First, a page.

Since the birth of our littlest in November, one thing that has saved a huge amount of fuss and faff is online grocery shopping. Trailing around a large shop with a little one and a two year old never seems like the most fun activity, and it takes such a long time to get round these gargantuan food meccas that by the time you've finished you feel like collapsing into a dark room for a couple of hours.Anyway.Online grocery shopping is nothing new, but what is new to us is a site that helps us to compare the cost of the food in our shopping trolley with all of the major stores: Tesco, Sainsbury's, Asda and Waitrose. Various supermarket TV ads will have you believe the food in their 'average household basket' is the cheapest around. However, look closely at the basket and you might well see things that you would never dream of buying yourself (I never like the taste of cat food, for instance).This site (mysupermarket.com) lets you do your regular online shop from your regular supermarket, and tots up how much the equivalent basket would be in the other stores. Then, you just pick your store and place your order.Very simple, and easy to use. For our last two online shops, Waitrose (yes, Waitrose!) have come back the cheapest, further bolstered by their policy free delivery for orders over £50. Each time, the comparison has saved us at least £10. What's more, you can receive a small sum from Topcashback.co.uk on every online shop. Not bad!
It's fallen on mammasaver's honoured shoulders this week to host the Totally Money weekly personal finance blog carnival.Top picks from this week are included below, and if you wish to read all of this week's submissions, please click on the 'read more' tab.mammasaver's top picks:Your Finances Simpfilied writes about his own experience of a massive $1000 budgeting mistake (yikes!), and how to avoid it. Heard of setting a 'zero budget' before? Head over to his post to find out what it is and how to
do it. A simple and flexible spending plan
instead of an old fashioned budget?
Now that sounds right up my street.Daisy at AddVodka.com
has an excellent post about tricking yourself into not spending
money - a different approach than sticking to a specific budget, and practical advice about avoiding situations where you find yourself spending money.
Now, someone find this girl a new pair of trainers soon...Ashley at Money Talks sets out her summer entertainment for her children in Phoenix, Arizona. Not able to simply send her children out to play due to the heat, she needs to think of cheap, interesting things for her children to do inside. The secret is 'inside' another building it seems... not your own house. A wise woman indeed.Useful for those of us who live in wetter climes, too. Hang on, was that a bit of blue sky I can see? Nope, just a post a post it note on a window.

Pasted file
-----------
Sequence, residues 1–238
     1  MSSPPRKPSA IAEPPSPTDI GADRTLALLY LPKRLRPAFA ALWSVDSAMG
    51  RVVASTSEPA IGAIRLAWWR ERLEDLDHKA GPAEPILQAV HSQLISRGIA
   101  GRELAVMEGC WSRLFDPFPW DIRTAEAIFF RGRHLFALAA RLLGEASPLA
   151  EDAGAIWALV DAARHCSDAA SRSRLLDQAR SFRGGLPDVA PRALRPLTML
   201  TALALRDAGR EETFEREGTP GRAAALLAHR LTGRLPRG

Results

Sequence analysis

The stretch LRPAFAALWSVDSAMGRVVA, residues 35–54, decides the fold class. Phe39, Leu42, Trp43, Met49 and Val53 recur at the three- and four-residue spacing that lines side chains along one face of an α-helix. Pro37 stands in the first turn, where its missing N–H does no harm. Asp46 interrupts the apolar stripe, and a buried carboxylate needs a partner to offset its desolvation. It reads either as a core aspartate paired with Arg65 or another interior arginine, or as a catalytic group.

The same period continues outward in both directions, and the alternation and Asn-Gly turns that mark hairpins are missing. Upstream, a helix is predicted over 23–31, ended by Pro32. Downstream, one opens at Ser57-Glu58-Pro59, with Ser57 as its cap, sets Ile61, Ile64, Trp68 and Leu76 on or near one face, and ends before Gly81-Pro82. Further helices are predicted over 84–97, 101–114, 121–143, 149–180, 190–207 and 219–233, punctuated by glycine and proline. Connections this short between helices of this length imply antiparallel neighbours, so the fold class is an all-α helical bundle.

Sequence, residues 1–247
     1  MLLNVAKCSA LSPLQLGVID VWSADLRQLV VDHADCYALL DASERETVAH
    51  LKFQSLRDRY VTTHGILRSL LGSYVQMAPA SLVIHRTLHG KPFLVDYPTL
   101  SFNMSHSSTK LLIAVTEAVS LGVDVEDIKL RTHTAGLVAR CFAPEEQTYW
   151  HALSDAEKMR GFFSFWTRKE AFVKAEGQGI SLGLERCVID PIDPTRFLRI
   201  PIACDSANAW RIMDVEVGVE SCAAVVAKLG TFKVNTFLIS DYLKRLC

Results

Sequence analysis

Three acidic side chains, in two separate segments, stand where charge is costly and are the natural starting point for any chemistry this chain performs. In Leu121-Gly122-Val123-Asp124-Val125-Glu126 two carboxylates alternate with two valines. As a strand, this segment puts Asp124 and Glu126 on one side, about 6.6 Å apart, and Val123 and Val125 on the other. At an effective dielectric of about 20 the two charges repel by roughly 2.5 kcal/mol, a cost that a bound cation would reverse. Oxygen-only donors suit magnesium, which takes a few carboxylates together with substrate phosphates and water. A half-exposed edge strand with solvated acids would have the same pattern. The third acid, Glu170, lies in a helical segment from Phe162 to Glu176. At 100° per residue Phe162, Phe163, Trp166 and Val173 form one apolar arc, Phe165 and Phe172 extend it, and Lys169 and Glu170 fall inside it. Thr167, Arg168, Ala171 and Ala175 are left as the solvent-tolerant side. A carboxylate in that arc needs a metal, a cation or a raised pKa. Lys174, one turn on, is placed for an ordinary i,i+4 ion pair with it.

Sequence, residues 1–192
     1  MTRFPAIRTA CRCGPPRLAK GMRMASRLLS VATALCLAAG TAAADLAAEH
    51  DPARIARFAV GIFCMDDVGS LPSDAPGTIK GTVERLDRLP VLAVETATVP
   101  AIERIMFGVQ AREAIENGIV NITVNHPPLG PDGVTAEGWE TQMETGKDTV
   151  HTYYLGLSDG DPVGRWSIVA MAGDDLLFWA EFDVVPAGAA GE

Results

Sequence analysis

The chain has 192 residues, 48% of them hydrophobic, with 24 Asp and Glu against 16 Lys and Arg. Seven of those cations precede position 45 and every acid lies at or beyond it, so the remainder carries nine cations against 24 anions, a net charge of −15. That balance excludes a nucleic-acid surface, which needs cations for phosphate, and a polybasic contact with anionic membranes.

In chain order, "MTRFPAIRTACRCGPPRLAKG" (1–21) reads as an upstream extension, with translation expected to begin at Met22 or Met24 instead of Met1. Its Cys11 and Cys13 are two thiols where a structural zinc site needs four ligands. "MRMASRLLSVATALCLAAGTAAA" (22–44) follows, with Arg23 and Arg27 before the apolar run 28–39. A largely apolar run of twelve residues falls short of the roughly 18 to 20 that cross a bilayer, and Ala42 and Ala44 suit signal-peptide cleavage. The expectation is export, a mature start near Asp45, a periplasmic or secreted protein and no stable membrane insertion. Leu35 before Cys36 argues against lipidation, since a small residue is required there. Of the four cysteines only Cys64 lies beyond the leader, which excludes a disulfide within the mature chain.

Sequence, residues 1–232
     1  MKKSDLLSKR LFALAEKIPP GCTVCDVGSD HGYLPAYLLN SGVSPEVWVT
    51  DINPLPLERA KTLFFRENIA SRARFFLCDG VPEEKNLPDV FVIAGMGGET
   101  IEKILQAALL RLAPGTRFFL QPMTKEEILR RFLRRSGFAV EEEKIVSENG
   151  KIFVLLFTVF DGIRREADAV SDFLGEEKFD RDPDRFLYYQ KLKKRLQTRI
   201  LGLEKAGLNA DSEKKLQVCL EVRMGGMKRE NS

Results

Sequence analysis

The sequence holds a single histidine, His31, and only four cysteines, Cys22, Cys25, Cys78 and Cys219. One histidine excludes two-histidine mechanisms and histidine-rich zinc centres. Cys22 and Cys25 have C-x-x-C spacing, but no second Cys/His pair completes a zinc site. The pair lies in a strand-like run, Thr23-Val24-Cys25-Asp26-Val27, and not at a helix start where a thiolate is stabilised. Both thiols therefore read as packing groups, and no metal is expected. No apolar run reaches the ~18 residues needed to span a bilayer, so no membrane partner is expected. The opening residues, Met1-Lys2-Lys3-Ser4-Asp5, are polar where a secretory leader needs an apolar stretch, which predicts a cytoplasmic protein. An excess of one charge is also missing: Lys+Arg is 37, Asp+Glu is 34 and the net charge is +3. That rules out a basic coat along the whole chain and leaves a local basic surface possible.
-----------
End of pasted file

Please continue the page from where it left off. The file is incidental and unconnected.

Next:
Ah well.Enjoy the rest of the posts, and hop over to Totally Money for more information about this personal finance blog carnival.
Do you ever have a period of a few weeks in your life where your body seems to trip into one problem after the other?
The past few weeks have been one of those.
- A nasty cold
- A possible cracked rib/bad rib sprain (ooch)
- The Mother of all sinus infections
Not exactly perilous, but a right pain in the neck (and ear, nose and throat). Thankfully, my swollen hamster-face has started to deflate, and has allowed me to open my jaw wide enough to slot in pizza.
Food other than soup is to be celebrated under such circumstances.
The surprising pizza is from Iceland - discovered on the way home from the doctor's today. For a mere £2, their Mediterranean Stonebaked Pizza has a wealth of rather lovely, expensive ingredients - courgette, spinach and decent quality peppers.
Not bad for a store sometimes associated with frozen food of dubious quality....
I have been tagged by the lovely mummyplum and aworkingmum to complete the following tag, started by mother.wife.me.
It's a opportunity for women to give their personal perspective and experience on modern motherhood.
The rules are as follows:
Without further ado, here is my contribution:Did you work before becoming a mum?Yes - since leaving university, I worked for a large cancer charity and then as an English teacher. I very much enjoy teaching, and look forward to returning to work when we're ready. What is your current situation?I look after our little boy full time. I hesitate to say 'Stay at Home Mum' as it can lead to negative assumptions
- Post the Rules
- Answer the questions in as much or as little detail as suits you
- Leave a comment on MotherWifeMe so we can keep track of the meme
- Tag three people and link them on your blog
- Let them know you tagged them
- Tweet loudly about taking part using #amothersworkmeme
. I am very lucky that I have a supportive partner who feels the same way as I do about being the primary carer for our little boy. Without his support, our lives would be very differentSoon after he was born, I knew that I didn't want anyone else to take care of our son, no matter how lovely or well qualified.I also felt that the extra money that I would earn wouldn't be worth the additional stress that would be brought into our home. No matter how organised, slick and efficient my marking and lesson plans would be, I knew I would resent the time taken away from my son and the impact that would have on our family.Money has been very tight over the past two years, but as I cannot believe how quickly the time has passed, nor how much our little boy has changed in that time, I am certain we made the right decision for our family. Although I do miss being in a wordly, busy adult environment, I know that I would miss my son more. I know I can return to work, whereas I can't return to our son's childhood.Freestyle - a chance to get across your own point of view on the subject.Last year, I was called for Jury Service. As our son was not in childcare (and being breastfed), I appealed to be excused. The courts advised that I'd need official proof of my status as a full time carer for my son. However, as he's not disabled (nor elderly), I cannot be classed as a carer. I was told by the Department of Work and Pensions that as a full time mother, 'you're not a carer.' Ouch.I remember this when I'm changing nappies, feeding, up at 2am...On a serious note, it worries me that full time parents have no official status under the Department of Work and Pension guidelines. Officially, in the eyes of our government, full time parents are doing, well, nothing.